What Does Information Integrity Mean for Democracies?

Disinformation is only a symptom of a much larger problem.

Subway full of people (Corey Agopian)

Democracies around the world are encountering unique challenges with the rise of new technologies. Experts continue to debate how social media has impacted democratic discourse, pointing to how algorithmic recommendationsinfluence operations, and cultural changes in norms of communication alter the way people consume information. Meanwhile, developments in artificial intelligence (AI) surface new concerns over how the technology might affect voters’ decision-making process. Already, we have seen its increased use in relation to political campaigning. 

In the run-up to Pakistan’s 2024 presidential elections, former Prime Minister Imran Khan used an artificially generated speech to campaign while imprisoned. Meanwhile, in the United States, a private company used an AI-generated imitation of President Biden’s voice to discourage people from voting. In response, the Federal Communications Commission outlawed the use of AI-generated robocalls.

Evolving technologies present new threats. Disinformation, misinformation, and propaganda are all different faces of the same problem: Our information environment—the ecosystem in which we disseminate, create, receive, and process information—is not secure and we lack coherent goals to direct policy actions. Formulating short-term, reactive policy to counter or mitigate the effects of disinformation or propaganda can only bring us so far. Beyond defending democracies from unending threats, we should also be looking at what it will take to strengthen them. This begs the question: How do we work toward building secure and resilient information ecosystems? How can policymakers and democratic governments identify policy areas that require further improvement and shape their actions accordingly?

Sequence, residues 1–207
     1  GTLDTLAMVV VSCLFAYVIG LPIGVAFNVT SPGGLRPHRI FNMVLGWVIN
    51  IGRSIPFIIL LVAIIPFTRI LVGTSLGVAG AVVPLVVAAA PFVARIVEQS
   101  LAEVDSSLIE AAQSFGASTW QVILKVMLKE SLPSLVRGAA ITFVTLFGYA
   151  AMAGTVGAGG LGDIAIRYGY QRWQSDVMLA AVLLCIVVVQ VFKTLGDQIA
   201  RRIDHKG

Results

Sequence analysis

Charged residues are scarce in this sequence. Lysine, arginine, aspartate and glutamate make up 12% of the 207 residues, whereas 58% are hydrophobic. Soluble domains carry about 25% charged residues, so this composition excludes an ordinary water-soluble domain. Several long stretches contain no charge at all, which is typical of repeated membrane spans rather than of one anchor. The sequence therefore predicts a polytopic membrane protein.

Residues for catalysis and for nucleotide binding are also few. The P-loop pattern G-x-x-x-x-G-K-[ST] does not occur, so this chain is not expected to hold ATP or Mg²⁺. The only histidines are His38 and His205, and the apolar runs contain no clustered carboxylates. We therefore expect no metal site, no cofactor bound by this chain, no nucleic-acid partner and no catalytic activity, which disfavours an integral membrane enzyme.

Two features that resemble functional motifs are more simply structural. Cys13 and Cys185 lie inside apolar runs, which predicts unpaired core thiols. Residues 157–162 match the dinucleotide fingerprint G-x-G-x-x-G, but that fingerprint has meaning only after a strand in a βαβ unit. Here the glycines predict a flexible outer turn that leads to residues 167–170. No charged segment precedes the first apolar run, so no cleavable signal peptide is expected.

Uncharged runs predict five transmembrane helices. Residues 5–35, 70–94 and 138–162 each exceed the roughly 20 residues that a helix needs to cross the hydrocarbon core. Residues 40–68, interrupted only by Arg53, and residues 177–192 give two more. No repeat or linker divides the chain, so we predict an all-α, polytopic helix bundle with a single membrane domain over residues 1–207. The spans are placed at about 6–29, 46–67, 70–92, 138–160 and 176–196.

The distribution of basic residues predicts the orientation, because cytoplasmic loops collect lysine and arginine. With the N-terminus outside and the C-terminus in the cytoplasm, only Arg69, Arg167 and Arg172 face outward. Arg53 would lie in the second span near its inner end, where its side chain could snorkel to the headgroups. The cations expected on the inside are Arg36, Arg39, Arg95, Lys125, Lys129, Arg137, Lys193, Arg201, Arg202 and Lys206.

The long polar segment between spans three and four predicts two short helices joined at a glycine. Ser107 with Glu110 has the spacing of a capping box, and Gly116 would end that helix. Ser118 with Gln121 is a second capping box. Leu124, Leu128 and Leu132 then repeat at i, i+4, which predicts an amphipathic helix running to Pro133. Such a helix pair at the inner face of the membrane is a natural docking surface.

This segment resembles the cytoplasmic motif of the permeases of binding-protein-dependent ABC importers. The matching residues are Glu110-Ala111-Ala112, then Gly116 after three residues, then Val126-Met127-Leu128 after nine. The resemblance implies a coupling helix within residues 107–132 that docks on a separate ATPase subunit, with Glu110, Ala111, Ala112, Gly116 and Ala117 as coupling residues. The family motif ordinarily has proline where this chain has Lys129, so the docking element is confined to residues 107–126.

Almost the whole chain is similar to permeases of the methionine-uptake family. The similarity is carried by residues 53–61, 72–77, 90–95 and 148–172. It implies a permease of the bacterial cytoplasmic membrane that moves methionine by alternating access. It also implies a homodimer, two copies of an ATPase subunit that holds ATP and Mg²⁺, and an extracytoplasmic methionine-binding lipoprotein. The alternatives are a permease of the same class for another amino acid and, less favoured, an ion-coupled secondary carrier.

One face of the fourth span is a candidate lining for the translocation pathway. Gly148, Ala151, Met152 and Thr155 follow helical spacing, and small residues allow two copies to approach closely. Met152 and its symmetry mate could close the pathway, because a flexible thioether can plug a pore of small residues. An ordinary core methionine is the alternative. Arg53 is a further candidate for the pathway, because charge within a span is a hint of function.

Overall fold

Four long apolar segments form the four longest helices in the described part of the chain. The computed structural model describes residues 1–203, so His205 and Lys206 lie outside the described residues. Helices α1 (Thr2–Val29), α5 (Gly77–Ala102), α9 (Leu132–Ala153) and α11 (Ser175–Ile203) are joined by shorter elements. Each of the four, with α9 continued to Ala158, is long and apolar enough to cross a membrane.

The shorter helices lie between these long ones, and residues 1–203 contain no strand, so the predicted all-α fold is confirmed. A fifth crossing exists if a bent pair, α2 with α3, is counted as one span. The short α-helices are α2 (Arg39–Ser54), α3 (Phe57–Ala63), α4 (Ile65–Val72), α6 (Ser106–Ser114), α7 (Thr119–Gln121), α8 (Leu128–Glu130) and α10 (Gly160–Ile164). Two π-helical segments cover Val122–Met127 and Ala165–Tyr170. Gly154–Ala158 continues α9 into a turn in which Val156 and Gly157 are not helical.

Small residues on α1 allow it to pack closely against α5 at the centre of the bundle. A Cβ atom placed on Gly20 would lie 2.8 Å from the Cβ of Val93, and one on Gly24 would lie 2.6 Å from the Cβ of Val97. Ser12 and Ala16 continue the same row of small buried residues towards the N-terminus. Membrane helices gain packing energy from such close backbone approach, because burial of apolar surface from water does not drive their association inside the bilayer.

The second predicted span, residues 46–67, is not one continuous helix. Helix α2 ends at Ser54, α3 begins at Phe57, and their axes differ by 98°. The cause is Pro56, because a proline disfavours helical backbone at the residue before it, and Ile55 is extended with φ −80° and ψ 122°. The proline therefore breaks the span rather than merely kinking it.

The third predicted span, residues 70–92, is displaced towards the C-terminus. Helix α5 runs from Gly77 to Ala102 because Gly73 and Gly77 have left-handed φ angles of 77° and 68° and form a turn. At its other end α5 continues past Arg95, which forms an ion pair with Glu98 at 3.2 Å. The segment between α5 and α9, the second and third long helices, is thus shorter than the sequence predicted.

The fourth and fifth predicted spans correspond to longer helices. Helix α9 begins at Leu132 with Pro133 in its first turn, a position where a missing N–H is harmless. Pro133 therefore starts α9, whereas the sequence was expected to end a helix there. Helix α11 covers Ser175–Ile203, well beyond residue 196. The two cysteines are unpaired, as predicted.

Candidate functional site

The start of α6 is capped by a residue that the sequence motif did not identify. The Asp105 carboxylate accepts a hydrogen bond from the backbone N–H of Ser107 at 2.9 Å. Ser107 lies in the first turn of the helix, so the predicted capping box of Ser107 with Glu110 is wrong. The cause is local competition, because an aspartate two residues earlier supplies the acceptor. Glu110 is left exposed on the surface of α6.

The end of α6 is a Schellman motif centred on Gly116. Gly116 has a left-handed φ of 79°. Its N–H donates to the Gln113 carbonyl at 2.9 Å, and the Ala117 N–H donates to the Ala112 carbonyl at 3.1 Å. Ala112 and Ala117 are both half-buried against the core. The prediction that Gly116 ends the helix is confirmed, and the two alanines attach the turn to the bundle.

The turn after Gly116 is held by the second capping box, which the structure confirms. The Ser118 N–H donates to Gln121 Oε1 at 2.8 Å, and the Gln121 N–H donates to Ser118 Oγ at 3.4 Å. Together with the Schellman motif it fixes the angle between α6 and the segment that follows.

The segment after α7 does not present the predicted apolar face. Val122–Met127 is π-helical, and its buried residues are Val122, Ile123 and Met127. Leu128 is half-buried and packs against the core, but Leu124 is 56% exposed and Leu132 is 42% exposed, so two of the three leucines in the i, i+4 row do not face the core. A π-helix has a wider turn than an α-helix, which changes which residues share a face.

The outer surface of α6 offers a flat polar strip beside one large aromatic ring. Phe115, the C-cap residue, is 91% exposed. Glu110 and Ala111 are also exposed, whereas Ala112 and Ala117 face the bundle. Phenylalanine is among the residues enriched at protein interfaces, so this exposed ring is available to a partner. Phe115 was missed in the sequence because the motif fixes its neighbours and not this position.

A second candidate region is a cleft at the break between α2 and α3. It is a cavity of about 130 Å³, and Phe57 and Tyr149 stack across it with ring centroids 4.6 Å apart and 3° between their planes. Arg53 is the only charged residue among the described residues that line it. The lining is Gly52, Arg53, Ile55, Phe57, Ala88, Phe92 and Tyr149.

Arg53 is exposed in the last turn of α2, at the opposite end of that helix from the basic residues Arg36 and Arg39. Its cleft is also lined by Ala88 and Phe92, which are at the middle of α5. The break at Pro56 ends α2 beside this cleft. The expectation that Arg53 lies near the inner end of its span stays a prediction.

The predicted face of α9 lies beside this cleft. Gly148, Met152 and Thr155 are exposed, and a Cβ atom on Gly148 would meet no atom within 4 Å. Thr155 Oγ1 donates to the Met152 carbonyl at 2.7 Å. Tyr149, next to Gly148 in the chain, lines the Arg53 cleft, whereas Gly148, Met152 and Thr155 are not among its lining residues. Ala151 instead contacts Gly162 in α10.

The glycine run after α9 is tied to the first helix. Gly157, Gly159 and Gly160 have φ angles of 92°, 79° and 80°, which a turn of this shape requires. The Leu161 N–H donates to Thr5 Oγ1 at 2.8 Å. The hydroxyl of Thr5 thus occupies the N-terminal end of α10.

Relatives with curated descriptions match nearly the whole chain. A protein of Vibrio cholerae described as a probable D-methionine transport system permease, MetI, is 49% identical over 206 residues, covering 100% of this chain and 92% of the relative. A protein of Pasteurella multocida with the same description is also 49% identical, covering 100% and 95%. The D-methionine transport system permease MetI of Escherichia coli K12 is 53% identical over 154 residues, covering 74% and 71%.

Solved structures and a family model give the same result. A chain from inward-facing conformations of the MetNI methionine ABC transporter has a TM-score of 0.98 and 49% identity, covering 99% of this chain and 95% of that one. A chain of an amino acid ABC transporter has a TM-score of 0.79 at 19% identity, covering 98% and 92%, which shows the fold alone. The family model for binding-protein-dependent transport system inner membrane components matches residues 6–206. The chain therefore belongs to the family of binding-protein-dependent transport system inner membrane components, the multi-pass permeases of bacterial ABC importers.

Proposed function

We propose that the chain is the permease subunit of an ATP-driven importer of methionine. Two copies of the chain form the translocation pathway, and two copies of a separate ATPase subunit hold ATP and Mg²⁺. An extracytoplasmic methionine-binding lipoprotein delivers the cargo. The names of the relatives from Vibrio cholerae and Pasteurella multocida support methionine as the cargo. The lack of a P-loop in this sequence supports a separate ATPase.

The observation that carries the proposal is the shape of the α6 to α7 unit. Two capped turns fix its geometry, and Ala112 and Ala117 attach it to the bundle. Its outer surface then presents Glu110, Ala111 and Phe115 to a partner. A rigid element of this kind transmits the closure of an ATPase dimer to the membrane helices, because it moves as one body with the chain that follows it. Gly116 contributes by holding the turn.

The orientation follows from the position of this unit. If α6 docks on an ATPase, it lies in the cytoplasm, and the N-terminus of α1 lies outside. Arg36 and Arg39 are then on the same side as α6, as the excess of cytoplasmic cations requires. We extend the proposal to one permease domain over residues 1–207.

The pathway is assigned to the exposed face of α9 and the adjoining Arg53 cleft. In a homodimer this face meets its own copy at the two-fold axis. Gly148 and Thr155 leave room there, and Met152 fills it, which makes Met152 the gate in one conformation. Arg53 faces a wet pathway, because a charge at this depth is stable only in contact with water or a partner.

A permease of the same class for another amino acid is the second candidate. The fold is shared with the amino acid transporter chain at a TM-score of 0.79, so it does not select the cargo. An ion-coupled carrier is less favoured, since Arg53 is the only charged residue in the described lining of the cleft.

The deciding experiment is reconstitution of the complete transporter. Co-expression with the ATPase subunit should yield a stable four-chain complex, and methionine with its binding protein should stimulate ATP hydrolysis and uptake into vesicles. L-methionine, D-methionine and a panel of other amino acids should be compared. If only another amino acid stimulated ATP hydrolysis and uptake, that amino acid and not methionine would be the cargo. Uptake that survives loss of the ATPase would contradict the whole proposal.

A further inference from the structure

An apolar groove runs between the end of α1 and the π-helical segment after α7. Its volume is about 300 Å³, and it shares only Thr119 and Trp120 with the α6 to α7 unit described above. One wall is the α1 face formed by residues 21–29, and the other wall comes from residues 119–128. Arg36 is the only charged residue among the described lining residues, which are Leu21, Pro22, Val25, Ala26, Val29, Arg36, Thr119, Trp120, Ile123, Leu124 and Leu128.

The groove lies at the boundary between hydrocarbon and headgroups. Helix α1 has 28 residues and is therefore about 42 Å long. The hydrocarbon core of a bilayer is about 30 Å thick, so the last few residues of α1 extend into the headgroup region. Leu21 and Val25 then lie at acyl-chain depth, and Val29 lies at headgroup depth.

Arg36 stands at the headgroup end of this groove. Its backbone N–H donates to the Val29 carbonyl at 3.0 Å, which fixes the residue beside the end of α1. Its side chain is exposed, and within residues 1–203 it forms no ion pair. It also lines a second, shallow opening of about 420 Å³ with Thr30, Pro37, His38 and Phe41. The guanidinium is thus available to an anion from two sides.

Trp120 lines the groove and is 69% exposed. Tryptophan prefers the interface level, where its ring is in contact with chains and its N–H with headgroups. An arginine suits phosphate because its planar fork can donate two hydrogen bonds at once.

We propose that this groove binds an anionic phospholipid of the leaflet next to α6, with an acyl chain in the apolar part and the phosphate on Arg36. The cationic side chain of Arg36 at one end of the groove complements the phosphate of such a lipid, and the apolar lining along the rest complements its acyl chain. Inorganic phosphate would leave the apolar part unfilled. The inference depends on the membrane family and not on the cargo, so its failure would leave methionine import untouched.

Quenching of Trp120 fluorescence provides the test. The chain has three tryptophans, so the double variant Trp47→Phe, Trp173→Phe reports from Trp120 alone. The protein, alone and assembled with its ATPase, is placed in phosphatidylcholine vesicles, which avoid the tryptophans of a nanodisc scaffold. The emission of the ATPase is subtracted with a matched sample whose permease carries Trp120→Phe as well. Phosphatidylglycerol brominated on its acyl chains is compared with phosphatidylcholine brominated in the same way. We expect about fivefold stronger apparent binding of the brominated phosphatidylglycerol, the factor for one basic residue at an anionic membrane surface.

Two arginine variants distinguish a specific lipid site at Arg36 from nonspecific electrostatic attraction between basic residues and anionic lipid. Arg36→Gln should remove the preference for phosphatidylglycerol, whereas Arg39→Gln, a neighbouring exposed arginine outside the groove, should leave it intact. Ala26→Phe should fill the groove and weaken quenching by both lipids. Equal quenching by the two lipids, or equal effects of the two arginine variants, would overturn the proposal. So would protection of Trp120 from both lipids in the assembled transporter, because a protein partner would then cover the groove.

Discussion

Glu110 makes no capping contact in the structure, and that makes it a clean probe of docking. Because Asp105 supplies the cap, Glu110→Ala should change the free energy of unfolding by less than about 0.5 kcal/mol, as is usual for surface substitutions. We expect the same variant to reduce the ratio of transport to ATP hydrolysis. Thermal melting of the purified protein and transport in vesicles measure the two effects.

Policymakers and researchers within democracies, from the White House to the United Nations, have turned to “information integrity” as the approach for bettering their information ecosystems. Information integrity is usually defined as “the accuracy, consistency, and reliability of the information content, processes and systems to maintain a healthy information ecosystem.” Such definitions are drawn from the existing literature, but they fall short. Information integrity as a concept was borrowed from the field of information security, but it has not been adapted to fit the complexity of an information environment. Moreover, research on the concept comes largely from the Global North, introducing bias into how we understand it. As used by policymakers and researchers so far, it lacks a framework that can guide policy actions and ways to assess the success of those actions. Before information integrity is tossed aside as yet another empty buzzword or politicized for its lack of clarity, greater depth must be applied to how it is understood and how it can be executed, specifically looking at its relationship to the information environment in the context of democracy.